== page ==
What you need to know about automatic accrual

 When setting up a business as a partnership, it’s important to put a plan in place for what will happen should one of the owners leave the business – either voluntarily or through death or serious illness.

The easiest way to do this is to write up a Partnership Agreement when the company is formed.

Although there’s no legal obligation to create a Partnership Agreement when you establish your company, it can save a lot of headaches down the line if you need to redistribute shares or equity, or when it comes to dealing with the rights of bereaved relatives.

There are many different ways to structure a Partnership Agreement, but one of the most common is to use an automatic accrual.

In this guide we’ll look at the benefits of a Partnership Agreement and why using an automatic accrual might be the best option for you.

What is an automatic accrual?

An automatic accrual agreement simply states that the outgoing business assets or interests that form part of the Partnership Agreement will be automatically passed to the remaining shareholders or partners in the event one leaves.

For example, if there are three partners in the business and one leaves, the remaining shares in the business will be redistributed to the remaining two shareholders with the partnership continuing as normal.

This would happen regardless of whether the business was a simple partnership, or a limited liability partnership (LLP).

Benefits of using an automatic accrual

The biggest advantage of using an automatic accrual is how simple it is and the clear procedure it lays out for what happens to the assets in the business in the event of a partner or shareholder leaving – for whatever reason.

If a partner exits the business, the partnership continues and the assets go to the remaining partners, simple.

Are there any downsides to automatic accrual?

A potential downside of automatic accrual arises when you consider any compensation to the outgoing partner’s family.

Under an automatic accrual agreement, the business assets would pass directly to the remaining partners in the company, and the outgoing partner’s beneficiaries wouldn’t be entitled to any reimbursement from the partnership.

With that in mind, depending on the nature of the relationship between the partners, you might want to write into the agreement that any beneficiaries should gain compensation for the outgoing interest in the company.

How to set up an automatic accrual agreement

To set up an automatic accrual agreement the partners should write up a Partnership Agreement upon formation of their company, stating that in the case of their death, or one of them leaving the business, the interest in the company goes directly to the remaining partner or partners.

It’s best to have this agreement drawn up by a solicitor and agreed by all partners at the beginning to avoid any disputes later.

As part of the agreement, to ensure the outgoing partner’s beneficiaries get some compensation in the business, each partner should also take out an own life protection policy.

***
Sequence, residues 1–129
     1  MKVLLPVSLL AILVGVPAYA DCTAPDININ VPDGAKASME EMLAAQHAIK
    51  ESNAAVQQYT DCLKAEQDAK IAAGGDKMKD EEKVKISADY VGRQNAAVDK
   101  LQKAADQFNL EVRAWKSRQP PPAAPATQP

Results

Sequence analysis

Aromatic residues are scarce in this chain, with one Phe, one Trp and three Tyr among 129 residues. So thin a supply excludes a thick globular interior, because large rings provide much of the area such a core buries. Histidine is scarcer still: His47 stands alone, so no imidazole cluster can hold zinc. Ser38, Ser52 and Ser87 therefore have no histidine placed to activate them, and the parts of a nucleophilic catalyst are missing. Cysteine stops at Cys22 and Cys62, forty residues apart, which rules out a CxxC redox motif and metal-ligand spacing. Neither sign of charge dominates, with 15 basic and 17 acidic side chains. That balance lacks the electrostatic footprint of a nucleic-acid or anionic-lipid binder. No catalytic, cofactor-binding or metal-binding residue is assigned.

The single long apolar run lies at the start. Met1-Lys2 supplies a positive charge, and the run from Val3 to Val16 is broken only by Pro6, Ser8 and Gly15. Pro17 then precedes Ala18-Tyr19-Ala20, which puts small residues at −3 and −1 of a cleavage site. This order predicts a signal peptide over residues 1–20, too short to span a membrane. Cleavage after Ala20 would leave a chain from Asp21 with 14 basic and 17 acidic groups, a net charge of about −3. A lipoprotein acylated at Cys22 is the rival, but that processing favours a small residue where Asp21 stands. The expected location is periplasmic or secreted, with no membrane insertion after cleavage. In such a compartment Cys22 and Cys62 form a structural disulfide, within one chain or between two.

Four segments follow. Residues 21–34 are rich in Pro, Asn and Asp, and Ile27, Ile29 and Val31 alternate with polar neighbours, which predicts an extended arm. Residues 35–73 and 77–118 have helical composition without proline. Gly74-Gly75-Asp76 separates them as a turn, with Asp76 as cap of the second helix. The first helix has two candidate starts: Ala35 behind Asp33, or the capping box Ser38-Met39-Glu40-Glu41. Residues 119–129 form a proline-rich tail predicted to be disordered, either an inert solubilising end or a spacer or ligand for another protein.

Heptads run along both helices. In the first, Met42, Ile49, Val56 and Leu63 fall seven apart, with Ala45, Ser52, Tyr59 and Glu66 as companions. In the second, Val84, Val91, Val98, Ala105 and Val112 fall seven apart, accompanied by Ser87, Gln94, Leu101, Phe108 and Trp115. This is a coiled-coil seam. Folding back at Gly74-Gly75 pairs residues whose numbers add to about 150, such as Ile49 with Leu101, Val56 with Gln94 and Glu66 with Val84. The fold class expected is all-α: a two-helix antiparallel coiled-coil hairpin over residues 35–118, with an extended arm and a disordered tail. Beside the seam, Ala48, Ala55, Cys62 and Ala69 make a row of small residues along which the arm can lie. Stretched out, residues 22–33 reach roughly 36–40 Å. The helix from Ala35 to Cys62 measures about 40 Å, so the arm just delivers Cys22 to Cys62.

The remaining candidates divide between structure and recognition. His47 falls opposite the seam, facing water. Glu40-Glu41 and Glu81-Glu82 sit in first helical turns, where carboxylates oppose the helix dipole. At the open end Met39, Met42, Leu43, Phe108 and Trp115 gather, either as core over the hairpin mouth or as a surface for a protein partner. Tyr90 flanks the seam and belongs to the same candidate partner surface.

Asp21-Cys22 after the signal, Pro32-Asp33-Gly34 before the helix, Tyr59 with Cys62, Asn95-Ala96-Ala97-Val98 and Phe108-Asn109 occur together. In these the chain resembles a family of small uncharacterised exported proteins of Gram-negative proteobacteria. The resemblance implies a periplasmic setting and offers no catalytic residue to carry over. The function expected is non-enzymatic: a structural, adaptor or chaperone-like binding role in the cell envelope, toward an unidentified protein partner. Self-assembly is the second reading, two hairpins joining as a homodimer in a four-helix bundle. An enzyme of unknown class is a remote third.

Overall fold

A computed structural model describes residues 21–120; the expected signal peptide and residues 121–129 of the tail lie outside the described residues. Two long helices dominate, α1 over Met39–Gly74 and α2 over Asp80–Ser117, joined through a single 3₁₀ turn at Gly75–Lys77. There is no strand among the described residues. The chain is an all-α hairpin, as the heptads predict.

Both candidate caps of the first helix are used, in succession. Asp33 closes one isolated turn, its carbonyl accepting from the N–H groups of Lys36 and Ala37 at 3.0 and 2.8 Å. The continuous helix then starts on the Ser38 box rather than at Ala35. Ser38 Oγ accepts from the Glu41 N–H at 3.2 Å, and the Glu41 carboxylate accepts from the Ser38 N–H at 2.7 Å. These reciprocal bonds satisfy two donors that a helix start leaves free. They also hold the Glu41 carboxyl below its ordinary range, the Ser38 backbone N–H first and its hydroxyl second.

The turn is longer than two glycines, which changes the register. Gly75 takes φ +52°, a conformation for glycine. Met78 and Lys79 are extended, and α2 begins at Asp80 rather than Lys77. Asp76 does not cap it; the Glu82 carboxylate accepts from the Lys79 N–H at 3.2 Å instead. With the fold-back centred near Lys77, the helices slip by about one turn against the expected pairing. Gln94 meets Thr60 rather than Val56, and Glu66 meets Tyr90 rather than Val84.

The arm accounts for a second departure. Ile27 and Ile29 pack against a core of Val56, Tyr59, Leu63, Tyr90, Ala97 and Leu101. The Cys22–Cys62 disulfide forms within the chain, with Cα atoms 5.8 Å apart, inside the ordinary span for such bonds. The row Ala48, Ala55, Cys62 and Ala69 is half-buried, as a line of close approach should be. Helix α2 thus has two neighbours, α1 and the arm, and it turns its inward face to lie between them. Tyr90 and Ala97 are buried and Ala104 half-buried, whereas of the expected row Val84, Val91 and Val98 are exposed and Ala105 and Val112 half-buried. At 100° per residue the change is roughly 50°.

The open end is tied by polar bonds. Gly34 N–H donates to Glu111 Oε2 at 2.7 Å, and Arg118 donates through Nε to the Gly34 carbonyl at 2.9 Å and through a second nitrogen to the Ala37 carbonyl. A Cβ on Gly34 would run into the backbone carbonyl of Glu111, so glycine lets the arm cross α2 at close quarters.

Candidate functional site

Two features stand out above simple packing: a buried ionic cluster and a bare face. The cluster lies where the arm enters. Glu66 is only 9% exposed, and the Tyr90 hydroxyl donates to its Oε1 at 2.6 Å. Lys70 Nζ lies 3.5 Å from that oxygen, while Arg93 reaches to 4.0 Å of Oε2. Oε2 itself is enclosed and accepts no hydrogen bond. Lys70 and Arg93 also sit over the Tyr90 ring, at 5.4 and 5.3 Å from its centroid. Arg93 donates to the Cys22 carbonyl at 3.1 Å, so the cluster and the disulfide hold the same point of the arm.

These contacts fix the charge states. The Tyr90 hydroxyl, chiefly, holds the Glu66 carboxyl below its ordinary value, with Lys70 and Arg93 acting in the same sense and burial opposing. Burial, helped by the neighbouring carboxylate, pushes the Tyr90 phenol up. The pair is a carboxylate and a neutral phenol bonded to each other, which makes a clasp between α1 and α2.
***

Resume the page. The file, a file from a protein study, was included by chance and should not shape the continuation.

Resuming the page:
This means that each partner would be responsible for buying and paying for their own life protection policy.

This policy should be taken at the value of their interest in the business (for example if the business makes £1,000,000 and the partner has a 50% interest in the company, their own life protection should be at £500,000).

It’s also best to place the protection into a trust as this can be better for tax purposes – which we’ll look at it more detail further down.

One thing to note, is that the business partner’s beneficiaries should be the recipients of the payout from the trust, not the partners.

The purpose of the own life protection is to provide some financial compensation to your beneficiaries for your share in the company.

It’s also worth considering writing into the Partnership Agreement that if the value of the business protection is below the real value of their stake in the company at the time they leave – or die – the remaining partners will fund the difference out of the company.

This kind of scenario could happen if an own life trust is taken out at the start of the company’s life – but that value has grown without updating the policy.

Understanding tax, business protection and automatic accrual

When it comes to paying out on a protection plan in the event of a partner’s death, it’s understandable you’d want to protect beneficiaries from paying tax unnecessarily.

This is why you should place your own life policy in a business trust.

By putting your own life protection policy in a trust and naming your estate as the beneficiary, you should avoid paying Inheritance Tax on the payout.

Every partner should ensure they’ve put their policy into a trust for this purpose.

It’s also possible that the value of the business interest that passes to the remaining partners could be covered by business property relief – although this is something you’d need to confirm when taking out the policy.

One thing to note, the payments on the own life policy themselves won’t be liable for any tax relief regardless of whether each partner pays for them individually or whether they take the money out of the business.

Protect your business with Rigby Financial

Protecting your business interests and the financial future of your family is a responsibility not to be taken lightly.

With the right Partnership Agreement and Business Protection in place, you can secure both regardless of what the future holds.

At Rigby Financial you can find the best policy to protect your business and provide for your family from the entire financial protection market.

One of our experts can work closely with you to understand the circumstances of your business and help you find the right policy to suit your needs.

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